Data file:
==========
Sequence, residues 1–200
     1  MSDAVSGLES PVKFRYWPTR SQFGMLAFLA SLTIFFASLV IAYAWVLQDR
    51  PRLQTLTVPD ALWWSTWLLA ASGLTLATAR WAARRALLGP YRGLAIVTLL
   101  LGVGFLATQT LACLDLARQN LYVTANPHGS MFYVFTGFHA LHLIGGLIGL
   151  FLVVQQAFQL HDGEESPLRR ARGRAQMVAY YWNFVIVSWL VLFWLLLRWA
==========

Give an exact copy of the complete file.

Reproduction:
Sequence, residues 1–200
     1  MSDAVSGLES PVKFRYWPTR SQFGMLAFLA SLTIFFASLV IAYAWVLQDR
    51  PRLQTLTVPD ALWWSTWLLA ASGLTLATAR WAARRALLGP YRGLAIVTLL
   101  LGVGFLATQT LACLDLARQN LYVTANPHGS MFYVFTGFHA LHLIGGLIGL
   151  FLVVQQAFQL HDGEESPLRR ARGRAQMVAY YWNFVIVSWL VLFWLLLRWA